This picture was made whilst I was travelling on the train to Fairfield in Melbourne.
This picture was made whilst I was travelling on the train to Fairfield in Melbourne.
The post-photography emerged in the late 1980s as a result of the emergence of digital technology.
Digital technology has allowed for the image to be severed from its referent, re-contextualized and re-presented. The theory goes that notions of representational truth in photography have well and truly been destroyed in light of technology that recasts the image as a fluid entity. The emergence of new digital technologies has undercut our trust in the photograph, which more than any other kind of image as faithfully documenting the reality of the material world. We have relied on it to describe places, to prove things existed, and to recall the memorable. This confidence we have warranted in traditional photography, was irrecoverably shattered by the emergence of new digital technologies --hence the concern over the ‘loss of the real’.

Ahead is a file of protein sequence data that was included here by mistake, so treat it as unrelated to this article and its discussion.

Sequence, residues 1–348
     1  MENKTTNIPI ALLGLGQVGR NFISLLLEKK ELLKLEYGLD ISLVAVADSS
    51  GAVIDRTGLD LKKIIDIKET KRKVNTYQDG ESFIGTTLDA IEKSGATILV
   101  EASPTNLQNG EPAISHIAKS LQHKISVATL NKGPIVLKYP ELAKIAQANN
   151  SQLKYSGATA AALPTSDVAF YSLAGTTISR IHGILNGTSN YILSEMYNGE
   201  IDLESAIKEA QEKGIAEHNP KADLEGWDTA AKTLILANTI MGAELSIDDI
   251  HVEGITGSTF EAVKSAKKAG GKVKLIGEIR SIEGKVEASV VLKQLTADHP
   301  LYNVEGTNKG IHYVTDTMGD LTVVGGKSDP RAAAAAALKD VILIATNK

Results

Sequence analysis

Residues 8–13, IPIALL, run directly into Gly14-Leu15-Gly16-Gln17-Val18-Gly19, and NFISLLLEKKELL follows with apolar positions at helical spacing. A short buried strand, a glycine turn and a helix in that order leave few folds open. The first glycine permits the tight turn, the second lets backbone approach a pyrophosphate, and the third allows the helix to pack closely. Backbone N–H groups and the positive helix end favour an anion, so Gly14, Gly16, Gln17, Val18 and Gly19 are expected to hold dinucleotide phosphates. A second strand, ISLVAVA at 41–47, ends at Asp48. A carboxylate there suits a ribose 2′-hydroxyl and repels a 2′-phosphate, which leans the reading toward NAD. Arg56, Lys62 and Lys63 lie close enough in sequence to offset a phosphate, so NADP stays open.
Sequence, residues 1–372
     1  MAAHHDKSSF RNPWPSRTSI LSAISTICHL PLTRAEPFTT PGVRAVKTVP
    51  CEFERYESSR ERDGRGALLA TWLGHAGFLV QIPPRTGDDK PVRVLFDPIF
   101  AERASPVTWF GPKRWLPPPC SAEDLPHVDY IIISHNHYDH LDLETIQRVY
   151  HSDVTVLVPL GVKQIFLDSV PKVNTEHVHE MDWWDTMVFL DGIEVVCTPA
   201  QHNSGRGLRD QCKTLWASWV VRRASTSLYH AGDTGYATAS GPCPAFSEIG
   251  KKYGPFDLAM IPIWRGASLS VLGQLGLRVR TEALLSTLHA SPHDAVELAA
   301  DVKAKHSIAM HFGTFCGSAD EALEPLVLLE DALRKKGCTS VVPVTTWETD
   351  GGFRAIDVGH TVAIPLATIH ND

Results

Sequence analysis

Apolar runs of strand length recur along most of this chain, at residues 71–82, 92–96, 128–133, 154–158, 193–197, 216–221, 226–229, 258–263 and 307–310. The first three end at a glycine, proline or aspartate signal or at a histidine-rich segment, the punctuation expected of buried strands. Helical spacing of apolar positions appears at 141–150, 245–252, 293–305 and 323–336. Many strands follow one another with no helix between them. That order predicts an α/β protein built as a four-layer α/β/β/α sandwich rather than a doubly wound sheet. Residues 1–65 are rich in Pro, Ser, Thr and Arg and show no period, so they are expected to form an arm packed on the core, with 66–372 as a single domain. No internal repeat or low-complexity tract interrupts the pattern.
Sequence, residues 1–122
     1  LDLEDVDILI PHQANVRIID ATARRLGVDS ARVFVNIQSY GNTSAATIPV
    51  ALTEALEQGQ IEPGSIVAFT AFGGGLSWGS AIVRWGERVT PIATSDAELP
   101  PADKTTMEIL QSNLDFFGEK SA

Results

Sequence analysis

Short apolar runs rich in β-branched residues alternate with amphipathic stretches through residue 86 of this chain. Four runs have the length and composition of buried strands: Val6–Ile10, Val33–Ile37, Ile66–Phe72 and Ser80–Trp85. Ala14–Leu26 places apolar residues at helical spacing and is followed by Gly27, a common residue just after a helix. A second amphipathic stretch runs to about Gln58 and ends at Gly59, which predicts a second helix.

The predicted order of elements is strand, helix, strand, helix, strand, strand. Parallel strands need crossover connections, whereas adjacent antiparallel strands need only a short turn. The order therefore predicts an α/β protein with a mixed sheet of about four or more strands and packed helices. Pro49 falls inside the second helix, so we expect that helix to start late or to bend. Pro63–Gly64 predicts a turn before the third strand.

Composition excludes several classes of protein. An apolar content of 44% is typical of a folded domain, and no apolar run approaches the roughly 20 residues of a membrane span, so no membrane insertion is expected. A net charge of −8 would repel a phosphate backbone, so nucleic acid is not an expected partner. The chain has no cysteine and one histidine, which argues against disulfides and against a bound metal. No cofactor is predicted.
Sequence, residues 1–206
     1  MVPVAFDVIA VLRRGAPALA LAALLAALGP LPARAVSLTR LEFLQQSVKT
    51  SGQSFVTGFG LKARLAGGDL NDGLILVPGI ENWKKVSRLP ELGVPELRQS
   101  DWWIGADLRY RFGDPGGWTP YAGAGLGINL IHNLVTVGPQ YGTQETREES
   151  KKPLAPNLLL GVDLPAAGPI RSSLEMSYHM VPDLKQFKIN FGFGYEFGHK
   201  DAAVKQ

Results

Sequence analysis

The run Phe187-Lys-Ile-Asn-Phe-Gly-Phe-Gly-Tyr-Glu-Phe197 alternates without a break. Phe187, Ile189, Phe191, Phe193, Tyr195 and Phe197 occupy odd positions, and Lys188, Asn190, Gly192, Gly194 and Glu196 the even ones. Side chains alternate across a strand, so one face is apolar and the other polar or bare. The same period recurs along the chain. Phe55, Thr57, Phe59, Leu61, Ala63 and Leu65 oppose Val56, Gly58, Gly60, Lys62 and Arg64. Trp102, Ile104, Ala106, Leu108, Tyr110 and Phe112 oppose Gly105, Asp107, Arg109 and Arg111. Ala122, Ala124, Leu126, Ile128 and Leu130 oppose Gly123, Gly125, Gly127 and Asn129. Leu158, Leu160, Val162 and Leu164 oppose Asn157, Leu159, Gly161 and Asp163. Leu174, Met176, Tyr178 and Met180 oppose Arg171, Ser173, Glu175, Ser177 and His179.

However it was not the digital camera that gave birth to the post-photographic, it was the scanner as digital cameras have only become sophisticated enough to be taken seriously in the last decade. In the 1990s scanners were generally used to digitize portions of chemically processed images that were then manipulated and assembled in Photoshop. The combination of this hardware and software meant that artists were almost forced to supplement montage for traditional straight photography that depended upon the indexical power of photos. It is this technology and workflow, and not digital photography per se, that was the condition for the emergence of the post-photographic.